College student's pizza order makes him police raid target - CBS46 News

College student's pizza order makes him police raid target

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Screenshot of Twitter account purportedly involved in intricate scam, according to Oakwood City PD. (SOURCE: Screenshot of Twitter account purportedly involved in intricate scam, according to Oakwood City PD. (SOURCE:

Authorities are warning hungry people looking for discount pizza of a scam where they could unwittingly find themselves on the hook for stealing identities.

They do get pizza though.

Oakwood, GA police said a Twitter account, purporting to represent an insider at food chains like Domino's Pizza, is ordering food for people using stolen credit cards and taking money from them about $10 at a time.

The real danger isn't the loss of money to the customer, it's the consequence of being implicated in a serious crime.

One student at University of North Georgia who didn't think twice when he saw a deal advertised on Twitter to get $52 worth of pizza for $10.

Even if he was skeptical, there were plenty of rave reviews and retweets from real people across the country who did the deal and were satisfied.  Mostly young people, just like 19-year-old Nick Thomas.

"I thought he had employee discounts, or connections with Domino's because, where I work, I get fifty percent off food," said Thomas.

But reality hit hard when undercover police showed up at his door dressed as pizza delivery drivers.

Describing the raid, Thomas said, "three police officers came up with tasers pointed at me from those steps, then two more from over there with tasers and guns pointed at me."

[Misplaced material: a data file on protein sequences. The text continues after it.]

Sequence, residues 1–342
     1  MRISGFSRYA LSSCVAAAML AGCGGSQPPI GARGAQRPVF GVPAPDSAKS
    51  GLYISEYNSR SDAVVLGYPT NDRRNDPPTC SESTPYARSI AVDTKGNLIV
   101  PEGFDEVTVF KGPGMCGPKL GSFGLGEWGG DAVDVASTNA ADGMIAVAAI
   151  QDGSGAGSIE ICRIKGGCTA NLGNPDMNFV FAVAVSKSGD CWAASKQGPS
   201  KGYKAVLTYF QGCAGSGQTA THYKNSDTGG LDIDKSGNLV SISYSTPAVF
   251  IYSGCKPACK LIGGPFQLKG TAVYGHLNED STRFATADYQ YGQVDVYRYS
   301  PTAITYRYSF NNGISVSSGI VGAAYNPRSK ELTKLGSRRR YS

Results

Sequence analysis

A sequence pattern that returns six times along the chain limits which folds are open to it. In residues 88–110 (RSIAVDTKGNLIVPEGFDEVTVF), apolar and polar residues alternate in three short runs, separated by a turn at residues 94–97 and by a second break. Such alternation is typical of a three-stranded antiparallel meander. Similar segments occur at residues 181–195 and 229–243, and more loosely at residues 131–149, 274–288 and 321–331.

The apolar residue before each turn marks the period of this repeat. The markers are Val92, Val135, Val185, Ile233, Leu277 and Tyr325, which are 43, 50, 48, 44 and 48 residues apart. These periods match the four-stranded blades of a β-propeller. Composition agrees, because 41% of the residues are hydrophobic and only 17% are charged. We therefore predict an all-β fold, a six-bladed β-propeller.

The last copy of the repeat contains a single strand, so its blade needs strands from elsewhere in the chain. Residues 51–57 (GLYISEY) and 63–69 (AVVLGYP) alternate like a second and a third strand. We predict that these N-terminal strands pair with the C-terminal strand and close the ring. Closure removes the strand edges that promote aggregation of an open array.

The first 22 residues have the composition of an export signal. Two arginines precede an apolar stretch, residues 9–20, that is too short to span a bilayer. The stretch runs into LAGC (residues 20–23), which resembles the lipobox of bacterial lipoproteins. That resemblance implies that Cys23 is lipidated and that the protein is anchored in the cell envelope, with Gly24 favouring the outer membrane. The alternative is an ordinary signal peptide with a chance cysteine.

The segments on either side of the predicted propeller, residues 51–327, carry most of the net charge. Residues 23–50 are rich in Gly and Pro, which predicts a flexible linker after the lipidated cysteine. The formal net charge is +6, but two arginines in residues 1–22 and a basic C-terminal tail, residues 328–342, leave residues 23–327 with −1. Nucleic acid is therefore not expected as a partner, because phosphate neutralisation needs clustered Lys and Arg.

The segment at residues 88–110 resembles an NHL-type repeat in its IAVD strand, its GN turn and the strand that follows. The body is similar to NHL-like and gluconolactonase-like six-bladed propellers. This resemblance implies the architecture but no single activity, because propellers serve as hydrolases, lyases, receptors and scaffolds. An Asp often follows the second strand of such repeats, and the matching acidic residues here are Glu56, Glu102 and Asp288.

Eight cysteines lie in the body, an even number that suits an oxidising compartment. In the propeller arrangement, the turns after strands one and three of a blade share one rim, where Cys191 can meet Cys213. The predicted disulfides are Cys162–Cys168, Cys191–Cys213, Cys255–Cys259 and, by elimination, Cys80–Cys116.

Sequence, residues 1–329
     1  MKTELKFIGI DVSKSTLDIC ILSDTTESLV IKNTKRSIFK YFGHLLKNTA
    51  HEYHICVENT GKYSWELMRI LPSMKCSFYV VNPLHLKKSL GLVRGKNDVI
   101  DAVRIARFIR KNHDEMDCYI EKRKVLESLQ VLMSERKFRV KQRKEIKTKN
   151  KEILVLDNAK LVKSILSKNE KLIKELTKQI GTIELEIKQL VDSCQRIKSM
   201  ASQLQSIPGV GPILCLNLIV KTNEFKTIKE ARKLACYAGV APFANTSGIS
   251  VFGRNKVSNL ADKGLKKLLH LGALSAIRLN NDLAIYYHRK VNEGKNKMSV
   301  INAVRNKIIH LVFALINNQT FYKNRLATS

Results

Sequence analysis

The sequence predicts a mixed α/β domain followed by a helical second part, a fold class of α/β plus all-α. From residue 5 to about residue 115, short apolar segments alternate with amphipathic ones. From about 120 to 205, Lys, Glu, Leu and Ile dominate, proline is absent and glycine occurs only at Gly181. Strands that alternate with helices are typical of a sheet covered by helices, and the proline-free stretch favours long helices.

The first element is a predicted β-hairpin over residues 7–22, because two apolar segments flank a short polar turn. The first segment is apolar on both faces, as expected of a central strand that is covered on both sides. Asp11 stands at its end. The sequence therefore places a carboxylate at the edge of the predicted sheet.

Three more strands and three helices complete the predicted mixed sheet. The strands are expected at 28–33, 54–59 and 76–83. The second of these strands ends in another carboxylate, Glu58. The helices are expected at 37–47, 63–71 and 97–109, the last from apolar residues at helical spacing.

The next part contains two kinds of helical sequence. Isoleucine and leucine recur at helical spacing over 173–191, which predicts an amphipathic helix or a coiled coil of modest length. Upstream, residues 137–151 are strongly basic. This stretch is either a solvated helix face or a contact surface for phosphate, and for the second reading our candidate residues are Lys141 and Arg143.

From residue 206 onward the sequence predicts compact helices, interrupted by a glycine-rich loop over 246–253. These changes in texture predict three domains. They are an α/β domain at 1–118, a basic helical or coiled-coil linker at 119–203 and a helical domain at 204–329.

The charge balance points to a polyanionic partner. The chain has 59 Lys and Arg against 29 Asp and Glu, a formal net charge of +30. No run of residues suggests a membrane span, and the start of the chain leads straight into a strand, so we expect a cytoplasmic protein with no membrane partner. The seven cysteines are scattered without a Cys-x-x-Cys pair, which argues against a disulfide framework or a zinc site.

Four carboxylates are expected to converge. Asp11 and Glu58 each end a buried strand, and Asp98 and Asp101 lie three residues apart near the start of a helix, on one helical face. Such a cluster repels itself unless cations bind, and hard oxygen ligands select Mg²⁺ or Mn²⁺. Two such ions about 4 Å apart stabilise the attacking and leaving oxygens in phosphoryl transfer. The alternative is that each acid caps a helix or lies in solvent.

Students like Thomas are asked to send money by Paypal, but what they don't know, is the scammer doesn't have any Dominos connections- just stolen credit card numbers, and lots of them.

The scammer orders the delivery online using one of those cards, and the way it's set up at places like Domino's, no one's name appears on the receipt except the patsy who's getting the pizza.

That's what led Oakwood Police to Nick Thomas.

"We were about to take him down and arrest him, but he was able to produce the texts he had with the real scam artist. That helped him out, otherwise he would have probably been in handcuffs and headed to jail that evening," said Oakwood Police Sgt. Danny Sridej.

It was a huge disappointment to find out the real bad guy is probably in a different country, continuing to steal identities, frame gullible college students, and rip businesses off ten dollars at a time.

"That takes a lot of work for ten dollars, but in a small, undeveloped country, one hundred dollars is a month's pay," pointed out Sridej.

Posing as a customer, CBS46 news reporter, Dante Renzulli, tried to order the deal from the Twitter account, and was told to send money to Paypal address:

When Renzulli said his Paypal wasn't set up, the nice guy that the scammer is, he offered to take his credit card number and do it for him.

Renzulli asked the scammer how he gets the advertised discount , and was answered with "It doesn't matter, send money."

Believe it or not, with all this publicity and police taking notice, as of Wednesday evening, the con-artist's Twitter account is still up and running, ready to take more pizza orders.

Oakwood Police Sergeant Danny Sridej said he his agency want to alert people, especially college students and young adults, to be aware of the Domino’s scam on Twitter to prevent any future legal problems that may follow for participating in the scam.

At least one of the Twitter accounts mentioned has over 800 followers and appears to now also be offering deals on FootLocker apparel as well.

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